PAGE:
Stanley Bleifeld

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Stanley Bleifeld (August 28, 1924 – March 26, 2011) was an American sculptor.[1]

Born in Brooklyn, New York, Bleifeld earned bachelor of fine arts, bachelor of science in education and in 1949 a master of fine arts degree in painting at Tyler School of Art of Temple University.[1][2] After a trip to Rome in 1959 or 1960 he gave up painting for sculpture.[1][3][4][5]

He received the following awards: Sculptor of the Year in Pietrasanta and the World, in 2004, the Henry Hering Memorial Medal of the National Sculpture Society, (he was president of the Society from 1991 to 1993), the Medal of Liberty from the American Civil Liberties Union, the Shikler Award from National Academy of Design, among others.[3][6]

He was a National Academician in Sculpture, and a member of the National Academy of Design, and helped set policy for that organization.[3]

Bleifeld’s public monuments include sculptures for the United States Navy Memorial (he served in the Navy in World War II) in Washington, D.C., the Knights of Columbus Memorial in Connecticut, and baseball players at the Baseball Hall of Fame in Cooperstown, N.Y.[1][3][7][8] The originals of his works The Lone Sailor and The Homecoming are two created for the Navy Memorial.[9][10] Subsequently, a number of replicas deployed across the United States.[11][12] On October 13, 2017, the occasion of the 242nd anniversary of the United States Navy, a replica of The Lone Sailor was dedicated in Pearl Harbor, Hawaii.[13]

His work is in numerous private collections throughout the world.[3] In 2008 his monument to the struggle for African-American civil rights, It Seemed like Reaching for the Moon was dedicated at the statehouse in Richmond, Virginia.[1][14][15]

In 1949 he married Naomi Ruby. The couple had two daughters, Becky and Emily.[1] From 1950 until his death he lived and worked in Weston, CT, spending part of each year at a home and studio in Pietrasanta, Italy.[3][16]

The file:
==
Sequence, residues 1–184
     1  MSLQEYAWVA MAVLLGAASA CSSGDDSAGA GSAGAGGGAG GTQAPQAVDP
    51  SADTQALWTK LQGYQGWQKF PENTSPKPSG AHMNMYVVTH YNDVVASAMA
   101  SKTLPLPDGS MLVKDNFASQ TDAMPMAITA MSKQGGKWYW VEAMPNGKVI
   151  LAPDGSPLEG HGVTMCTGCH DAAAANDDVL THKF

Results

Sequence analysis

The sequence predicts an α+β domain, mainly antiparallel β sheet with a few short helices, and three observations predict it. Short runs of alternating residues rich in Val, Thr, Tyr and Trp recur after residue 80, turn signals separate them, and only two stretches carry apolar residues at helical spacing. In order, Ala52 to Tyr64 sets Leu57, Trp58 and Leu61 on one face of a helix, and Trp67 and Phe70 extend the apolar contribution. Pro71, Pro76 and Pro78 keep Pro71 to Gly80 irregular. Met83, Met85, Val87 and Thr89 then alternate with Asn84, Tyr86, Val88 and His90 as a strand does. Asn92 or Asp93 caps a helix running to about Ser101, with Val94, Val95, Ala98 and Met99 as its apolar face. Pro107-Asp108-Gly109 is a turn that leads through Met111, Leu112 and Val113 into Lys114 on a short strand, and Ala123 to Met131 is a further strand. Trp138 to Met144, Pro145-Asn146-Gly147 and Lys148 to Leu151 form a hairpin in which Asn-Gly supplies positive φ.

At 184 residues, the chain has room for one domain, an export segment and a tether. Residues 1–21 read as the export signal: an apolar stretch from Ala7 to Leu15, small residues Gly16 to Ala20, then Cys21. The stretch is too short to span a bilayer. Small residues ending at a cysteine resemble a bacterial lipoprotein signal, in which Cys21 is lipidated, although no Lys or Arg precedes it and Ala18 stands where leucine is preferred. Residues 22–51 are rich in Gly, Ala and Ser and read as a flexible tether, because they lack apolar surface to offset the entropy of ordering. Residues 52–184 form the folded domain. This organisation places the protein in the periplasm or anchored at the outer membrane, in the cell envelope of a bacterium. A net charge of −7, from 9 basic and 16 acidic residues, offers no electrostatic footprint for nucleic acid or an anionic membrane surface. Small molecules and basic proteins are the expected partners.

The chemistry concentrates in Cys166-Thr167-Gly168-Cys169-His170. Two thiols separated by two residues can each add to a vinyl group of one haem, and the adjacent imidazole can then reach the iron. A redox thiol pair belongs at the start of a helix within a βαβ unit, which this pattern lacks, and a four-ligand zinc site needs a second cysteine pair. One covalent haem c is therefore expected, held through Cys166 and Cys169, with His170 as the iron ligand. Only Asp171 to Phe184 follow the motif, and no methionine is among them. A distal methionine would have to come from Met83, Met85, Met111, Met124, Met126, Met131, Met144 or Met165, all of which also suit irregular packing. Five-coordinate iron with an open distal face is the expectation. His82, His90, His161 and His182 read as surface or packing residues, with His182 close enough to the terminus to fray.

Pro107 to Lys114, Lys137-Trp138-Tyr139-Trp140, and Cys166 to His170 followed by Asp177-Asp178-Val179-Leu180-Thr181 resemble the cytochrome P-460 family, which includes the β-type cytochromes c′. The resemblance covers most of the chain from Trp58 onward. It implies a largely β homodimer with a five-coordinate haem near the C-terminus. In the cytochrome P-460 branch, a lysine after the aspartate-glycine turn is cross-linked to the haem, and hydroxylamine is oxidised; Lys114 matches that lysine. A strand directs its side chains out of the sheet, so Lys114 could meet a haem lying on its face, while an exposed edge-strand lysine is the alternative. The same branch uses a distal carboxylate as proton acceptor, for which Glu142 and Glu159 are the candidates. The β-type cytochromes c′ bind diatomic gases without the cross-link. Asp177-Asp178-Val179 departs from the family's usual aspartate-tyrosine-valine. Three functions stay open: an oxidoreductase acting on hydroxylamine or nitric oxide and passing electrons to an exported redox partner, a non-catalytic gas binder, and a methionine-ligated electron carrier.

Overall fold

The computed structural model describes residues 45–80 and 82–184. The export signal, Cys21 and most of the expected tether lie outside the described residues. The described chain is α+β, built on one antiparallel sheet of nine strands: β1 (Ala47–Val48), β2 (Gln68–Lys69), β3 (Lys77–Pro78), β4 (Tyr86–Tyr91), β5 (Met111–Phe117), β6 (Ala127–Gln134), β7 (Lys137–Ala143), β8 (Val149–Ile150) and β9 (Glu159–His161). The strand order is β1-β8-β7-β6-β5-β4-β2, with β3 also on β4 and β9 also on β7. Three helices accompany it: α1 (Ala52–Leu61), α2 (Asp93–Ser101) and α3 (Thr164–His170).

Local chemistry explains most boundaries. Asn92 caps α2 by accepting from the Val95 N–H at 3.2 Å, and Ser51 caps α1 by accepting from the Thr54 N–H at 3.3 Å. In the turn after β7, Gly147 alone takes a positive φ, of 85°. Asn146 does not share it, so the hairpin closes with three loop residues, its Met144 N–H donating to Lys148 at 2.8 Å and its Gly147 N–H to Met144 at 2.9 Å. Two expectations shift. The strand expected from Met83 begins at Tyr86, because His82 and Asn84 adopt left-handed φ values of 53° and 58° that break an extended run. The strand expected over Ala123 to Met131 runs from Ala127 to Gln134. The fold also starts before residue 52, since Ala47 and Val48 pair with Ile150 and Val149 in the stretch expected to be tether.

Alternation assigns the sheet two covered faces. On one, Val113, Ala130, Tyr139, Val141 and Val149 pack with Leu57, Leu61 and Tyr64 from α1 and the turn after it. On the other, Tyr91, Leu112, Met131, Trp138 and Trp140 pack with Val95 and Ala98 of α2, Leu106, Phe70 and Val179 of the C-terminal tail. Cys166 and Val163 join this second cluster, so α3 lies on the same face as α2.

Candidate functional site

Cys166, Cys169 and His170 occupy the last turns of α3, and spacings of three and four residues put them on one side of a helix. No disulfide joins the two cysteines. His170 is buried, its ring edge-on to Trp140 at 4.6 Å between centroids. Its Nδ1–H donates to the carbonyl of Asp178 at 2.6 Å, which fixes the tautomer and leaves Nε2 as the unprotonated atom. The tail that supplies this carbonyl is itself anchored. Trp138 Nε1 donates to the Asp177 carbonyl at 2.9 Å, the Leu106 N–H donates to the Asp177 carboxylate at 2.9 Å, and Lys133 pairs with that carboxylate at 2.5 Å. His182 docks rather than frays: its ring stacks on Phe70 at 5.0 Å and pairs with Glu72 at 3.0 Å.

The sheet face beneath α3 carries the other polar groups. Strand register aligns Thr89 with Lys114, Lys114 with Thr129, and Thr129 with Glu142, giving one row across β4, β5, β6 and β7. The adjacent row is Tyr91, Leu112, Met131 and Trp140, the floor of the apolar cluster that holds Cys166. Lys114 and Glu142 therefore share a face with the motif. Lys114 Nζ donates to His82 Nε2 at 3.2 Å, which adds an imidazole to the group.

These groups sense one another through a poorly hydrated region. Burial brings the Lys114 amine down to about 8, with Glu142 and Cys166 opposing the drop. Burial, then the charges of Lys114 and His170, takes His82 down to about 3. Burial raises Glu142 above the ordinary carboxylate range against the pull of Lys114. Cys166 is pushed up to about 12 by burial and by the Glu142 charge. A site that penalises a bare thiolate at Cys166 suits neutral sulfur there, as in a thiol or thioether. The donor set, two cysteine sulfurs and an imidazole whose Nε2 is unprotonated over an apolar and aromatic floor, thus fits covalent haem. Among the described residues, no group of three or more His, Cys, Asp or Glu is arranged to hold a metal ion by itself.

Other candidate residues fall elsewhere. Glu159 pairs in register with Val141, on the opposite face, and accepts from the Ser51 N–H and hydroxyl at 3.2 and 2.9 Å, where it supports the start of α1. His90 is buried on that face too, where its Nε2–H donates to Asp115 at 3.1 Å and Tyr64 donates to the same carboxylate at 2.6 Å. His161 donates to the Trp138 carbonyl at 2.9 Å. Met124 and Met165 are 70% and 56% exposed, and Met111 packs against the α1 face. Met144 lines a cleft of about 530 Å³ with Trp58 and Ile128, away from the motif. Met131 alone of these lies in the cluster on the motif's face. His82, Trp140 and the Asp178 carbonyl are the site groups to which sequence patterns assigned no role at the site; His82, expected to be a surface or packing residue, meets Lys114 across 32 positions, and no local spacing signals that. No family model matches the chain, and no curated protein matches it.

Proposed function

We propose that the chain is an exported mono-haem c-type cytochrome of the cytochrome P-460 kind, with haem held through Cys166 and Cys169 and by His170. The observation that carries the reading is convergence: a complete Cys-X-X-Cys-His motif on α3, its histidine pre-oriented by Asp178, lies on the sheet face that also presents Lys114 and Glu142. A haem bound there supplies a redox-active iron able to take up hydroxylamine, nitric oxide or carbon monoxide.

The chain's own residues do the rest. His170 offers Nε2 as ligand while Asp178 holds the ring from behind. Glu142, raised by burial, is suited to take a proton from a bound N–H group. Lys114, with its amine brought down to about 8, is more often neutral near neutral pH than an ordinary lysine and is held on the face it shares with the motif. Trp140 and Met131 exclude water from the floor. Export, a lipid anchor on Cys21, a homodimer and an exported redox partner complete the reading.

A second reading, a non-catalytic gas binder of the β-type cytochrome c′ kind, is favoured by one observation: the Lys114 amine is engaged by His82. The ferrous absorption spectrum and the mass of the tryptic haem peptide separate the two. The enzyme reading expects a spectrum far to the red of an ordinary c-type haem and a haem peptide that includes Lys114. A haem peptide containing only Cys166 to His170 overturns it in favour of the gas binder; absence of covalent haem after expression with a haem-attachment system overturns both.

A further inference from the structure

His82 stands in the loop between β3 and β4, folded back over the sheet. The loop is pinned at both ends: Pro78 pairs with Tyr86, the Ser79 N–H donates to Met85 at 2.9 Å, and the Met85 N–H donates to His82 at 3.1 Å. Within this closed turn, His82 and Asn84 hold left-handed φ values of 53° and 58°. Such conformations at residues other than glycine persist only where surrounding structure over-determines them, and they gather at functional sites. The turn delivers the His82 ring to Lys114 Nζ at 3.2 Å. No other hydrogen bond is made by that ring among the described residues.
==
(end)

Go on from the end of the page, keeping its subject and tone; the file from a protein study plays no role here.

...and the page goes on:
Bleifeld died from a cerebral hemorrhage following a fall at his Weston studio.[1]

References[edit]

  1. ^ a b c d e f g "Stanley Bleifeld, sculptor for Navy and Baseball Hall of Fame, dies at 86". The New York Times. The Associated Press. April 3, 2011. Retrieved October 19, 2017. 
  2. ^ "Stanley Bleifeld, 1924-2011". National Academy Museum and School. Retrieved October 19, 2017. 
  3. ^ a b c d e f "Noted sculptor Stanley Bleifeld Dies at 86". Westport Now. March 26, 2011. Retrieved October 19, 2017. 
  4. ^ "Stanley Bleifeld, (1924-2011)". Nedra Matteucci Galleries. Retrieved October 19, 2017. 
  5. ^ "Bleifeld elected a Tyler fellow". The Hour. Norwalk, CT. October 8, 1964. p. 1. Retrieved October 19, 2017. 
  6. ^ Reynolds, Donald M. (1993). Masters of American Sculpture: The Figurative Tradition from the American Renaissance to the Millennium. Abbeville Press. pp. 164–5. ISBN 978-1-55859-276-6. 
  7. ^ Macaluso, Laura A. (2017). New Haven's Columbus Day Parade and Monument. Arcadia Publishing. p. 63. ISBN 978-1-4671-2687-8. Retrieved October 19, 2017. 
  8. ^ Bennett, Bob; Bennett, Robert S.; Bennett, John (2007). Johnny Podres: Brooklyn's Yankee Killer. AuthorHouse. p. 114. ISBN 978-1-60008-033-3. Retrieved October 19, 2017. 
  9. ^ "The Lone Sailor". United States Navy Memorial. Retrieved October 19, 2017. 
  10. ^ "The Homecoming - Washington, D.C". United States Navy Memorial. Retrieved October 19, 2017. 
  11. ^ "Statues Around the Country". United States Navy Memorial. Retrieved October 19, 2017. 
  12. ^ Leahy, John F. (2013). Honor, Courage, Commitment: Navy Boot Camp. Naval Institute Press. p. 180. ISBN 978-1-61251-372-0. Retrieved October 19, 2017. 
  13. ^ "Lone Sailor's steely gaze now looks out over Pearl Harbor". Stars and Stripes. October 15, 2017. Retrieved October 19, 2017. 
  14. ^ Hinton, KaaVonia (2010). Brown v. Board of Education, Topeka, Kansas, 1954. Mitchell Lane Publishers, Incorporated. p. 25. ISBN 978-1-61228-827-7. Retrieved October 19, 2017. 
  15. ^ Payne, Will (2015). Mark Warner the Dealmaker: From Business Success to the Business of Governing. Arcadia Publishing Incorporated. p. 266. ISBN 978-1-62585-112-3. Retrieved October 19, 2017. 
  16. ^ Heller, Joseph (2011). Catch As Catch Can. Simon and Schuster. pp. 339 ff. ISBN 978-1-84983-650-0. 

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